Creation ministries will never convert Richard Dawkins as long as it promotes a lawless, judgmental, vindictive, retributive, revengeful, unloving, unforgiving, cursing, punitive God who tortured Jesus on the cross as a live innocent human-blood-sacrifice, and, accepts into his kingdom only those who partake of Christ’s murder (those who will not approve of the murder an innocent man obviously cannot be saved). If Creation ministries took off its traditional pagan interpretational glasses and rejected the concept of an angry wrathful God who demands human blood sacrifice to appease his wrath, and put on Great Physician glasses instead, and saw only a lawful all-loving all-forgiving God who works only to save us from death through healing alone, then Dawkins would be a fool to mock a humble self-sacrificing servant God who loves others more than he loves himself.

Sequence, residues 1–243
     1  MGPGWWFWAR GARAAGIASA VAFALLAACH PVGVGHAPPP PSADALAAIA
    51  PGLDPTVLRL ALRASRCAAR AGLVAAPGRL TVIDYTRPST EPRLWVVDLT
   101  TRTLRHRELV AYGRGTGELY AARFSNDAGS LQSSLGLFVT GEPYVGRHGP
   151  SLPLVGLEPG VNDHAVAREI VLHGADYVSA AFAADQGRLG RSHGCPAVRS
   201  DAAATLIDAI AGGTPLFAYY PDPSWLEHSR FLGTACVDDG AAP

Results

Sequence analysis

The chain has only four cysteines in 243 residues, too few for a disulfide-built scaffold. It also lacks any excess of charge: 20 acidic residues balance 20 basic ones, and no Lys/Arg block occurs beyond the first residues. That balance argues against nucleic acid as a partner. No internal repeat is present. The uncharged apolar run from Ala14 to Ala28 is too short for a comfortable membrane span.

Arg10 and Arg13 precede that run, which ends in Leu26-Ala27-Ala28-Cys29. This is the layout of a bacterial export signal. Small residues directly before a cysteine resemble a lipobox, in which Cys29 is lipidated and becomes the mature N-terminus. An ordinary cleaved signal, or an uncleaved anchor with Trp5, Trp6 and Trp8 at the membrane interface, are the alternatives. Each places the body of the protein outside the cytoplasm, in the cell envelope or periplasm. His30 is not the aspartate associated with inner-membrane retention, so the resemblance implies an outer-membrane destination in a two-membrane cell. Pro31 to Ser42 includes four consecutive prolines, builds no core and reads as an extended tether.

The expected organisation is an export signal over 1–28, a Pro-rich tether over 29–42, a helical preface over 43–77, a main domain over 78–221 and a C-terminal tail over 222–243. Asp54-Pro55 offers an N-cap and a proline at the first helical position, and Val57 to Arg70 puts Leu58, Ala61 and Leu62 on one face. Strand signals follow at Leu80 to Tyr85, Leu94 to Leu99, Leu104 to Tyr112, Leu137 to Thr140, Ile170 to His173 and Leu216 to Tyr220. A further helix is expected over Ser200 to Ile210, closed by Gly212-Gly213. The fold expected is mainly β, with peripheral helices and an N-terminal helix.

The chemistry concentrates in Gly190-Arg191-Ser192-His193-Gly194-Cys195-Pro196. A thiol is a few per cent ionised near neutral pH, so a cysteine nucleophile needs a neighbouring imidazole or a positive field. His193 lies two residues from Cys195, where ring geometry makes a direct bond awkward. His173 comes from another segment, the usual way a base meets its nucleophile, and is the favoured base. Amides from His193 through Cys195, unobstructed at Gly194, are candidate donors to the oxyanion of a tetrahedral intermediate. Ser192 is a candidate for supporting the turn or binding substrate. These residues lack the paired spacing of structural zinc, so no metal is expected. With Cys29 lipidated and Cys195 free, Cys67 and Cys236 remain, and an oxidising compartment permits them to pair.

There are two ways to interpret scripture, one through the pagan lens that imagines God “created” a legal law (God himself is lawless), imposed it upon us along with legal penalties for violation, punishes us by burning us in pain, suffering, agony and torment throughout all eternity and demands blood payment to get out of hell, hence the reason pagans offered God innocent child & virgin sacrifices and Christians offer Jesus, then God legally “declares” lawless-sinners righteous. The other interpretational method looks through a lens that sees Gods law as his eternal character, a “law of love” (law is summed up in love), with us falling out of harmony with his character through lawlessness, and his restoring us back into unity with his character through Christ’s “life and death” mission to heal mankind, first by healing his own humanity unto resurrection and then healing us through his spirit, this reversing the damage done in Eden by us going from death to life.